Black Makeup Artists on Championing Diversity & Pay Equality

Black Makeup Artists on Championing Diversity & Pay Equality 7

I’d love to start by talking about how you both got your start in the makeup industry. 

BW: I started in makeup randomly! I actually went to school for interior design. I worked at Ralph Lauren for a bit but it’s definitely different. Those kinds of clients would have very different trust issues. When you’re doing someone’s home, you really have to respect their likes and interests. Whereas—not that you can’t with makeup—but, I think because makeup is outward-facing and the world is perceiving it and judging it, someone is more likely to like trust you in that sense. Trends are always changing and people trust you to know what looks good. When you’re home, you just want to feel good at home. So I was having an interesting time navigating that language with different clients. Then I got into [makeup] one way or another and I think I just always liked it, but I thought I’d [work] on the business side of it because I had so much intel from Ralph Lauren. But then, I don’t know, I just found that I really liked it. I feel like you always just fall into it—you never really plan for it.

AA: I got my degree in public relations, but then I realized that’s not what I want to do. I started thinking about how I could make money and makeup was always something that was an interest of mine. Looking back on it, I used to sneak into my sister’s room when she was asleep and play at the foot of her bed with her MAC makeup so obviously it’s always been in me—I just never connected to it until it later. I moved to New York and went to makeup school mainly to figure out exactly what I wanted to do in makeup because I didn’t really know. I assisted [for a while] and then I moved to L.A. where the sun always shines.

What inspired the idea for this podcast and when did you both decide that you wanted to do this?

AA: It was kind of random actually. It started because I’m trying to get out of the makeup artist space and more into the content-creating space. So in an attempt to do that, I told my PR girl I wanted to start doing guest spots on podcast and she was like, “Okay, how about you have a podcast?” I was like, “This just escalated a lot.” But then I thought about it. I told Brittany and we started getting into a full-on conversation. It started off [with] something beauty-related and then we were talking about relationships, marriage, and stuff like that, and then somehow it still came back to beauty at the end of the conversation. That’s when I was like, “Do you want to do this podcast with me?” And she said yes. That’s where it started.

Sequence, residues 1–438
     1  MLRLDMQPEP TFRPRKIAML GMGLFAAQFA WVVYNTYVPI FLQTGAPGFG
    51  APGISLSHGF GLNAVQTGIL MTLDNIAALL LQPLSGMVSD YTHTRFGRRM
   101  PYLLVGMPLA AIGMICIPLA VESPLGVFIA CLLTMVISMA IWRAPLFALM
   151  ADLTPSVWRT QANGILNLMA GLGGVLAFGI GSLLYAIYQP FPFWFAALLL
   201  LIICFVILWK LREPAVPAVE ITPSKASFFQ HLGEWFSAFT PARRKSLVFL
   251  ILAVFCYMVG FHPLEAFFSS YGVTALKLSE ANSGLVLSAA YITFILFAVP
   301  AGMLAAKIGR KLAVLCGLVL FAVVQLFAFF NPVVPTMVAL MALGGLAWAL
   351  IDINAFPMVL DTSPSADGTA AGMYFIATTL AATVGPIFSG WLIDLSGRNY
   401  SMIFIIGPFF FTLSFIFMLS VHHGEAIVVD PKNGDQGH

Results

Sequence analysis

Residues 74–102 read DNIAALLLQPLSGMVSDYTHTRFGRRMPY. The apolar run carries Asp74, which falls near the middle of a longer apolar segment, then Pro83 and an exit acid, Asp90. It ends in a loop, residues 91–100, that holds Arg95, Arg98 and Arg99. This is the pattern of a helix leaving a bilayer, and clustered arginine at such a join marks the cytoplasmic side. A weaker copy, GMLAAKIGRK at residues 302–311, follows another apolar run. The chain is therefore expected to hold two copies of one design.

BW: I feel like we both also have great info and we work with great clients. We have very interesting perspectives on a lot of different things and they both match up but are also different at the same time. We honor each other in our banter even if we don’t agree. I feel like it just works.

Let’s talk about the latest episode Black on Set! I love this episode. Some of the situations discussed on the show are just crazy. Can you think of any more instances where your job felt like an uphill battle just because you were Black?

BW: I feel like I’m always advocating for talent with a deeper complexion and I feel like producers will book me thinking that I’m a quota that’s filled because I’m Black. I know that there’s colorism involved. I have issues sometimes with checking people on set. They don’t think that it’s going to come from me—especially when it comes to lighting. We talked about this on one of our episodes. I’ve definitely had sets dismantle their lighting because they’re not lighting Black people right. And then in the moment, it falls on you because somehow it’s your fault. Or they’ll say that the makeup is shiny but it’s not—she’s a powdered donut. Then I’m like, “Actually, your light is right in front of her face so maybe something needs to be adjusted.” It’s the way that I speak up and try to advocate when I don’t think that they booked me for that. They booked me thinking, “Okay, we’ve done our job.”

That’s a huge part of the problem. Some people have a problem with someone speaking up and trying to advocate for more diversity. They don’t realize that by reacting in that way, they’re being incredibly racist. 

BW: Right!

AA: You know what I didn’t talk about on this episode? Post 2020, brands are trying to be more diverse so they want to hire more Black and Brown artists, but at a lower rate than what they would hire a white artist for. I had a brand reach out to me to help develop the colors of a launch and they wanted to pay me $1,500. My agent was like, “You want her to help you develop a shade range for a foundation that you’re coming out with and you want to pay her $1,500?” It was about to be in Sephora. He went back and forth for a bit and he finally got them up to maybe $5,000 because I liked the brand. They ended up going behind my back and hiring someone else who ended up working for pennies. They still treated them like an afterthought. It definitely is still giving the vibe of “We did this because it’s the right thing to do.”

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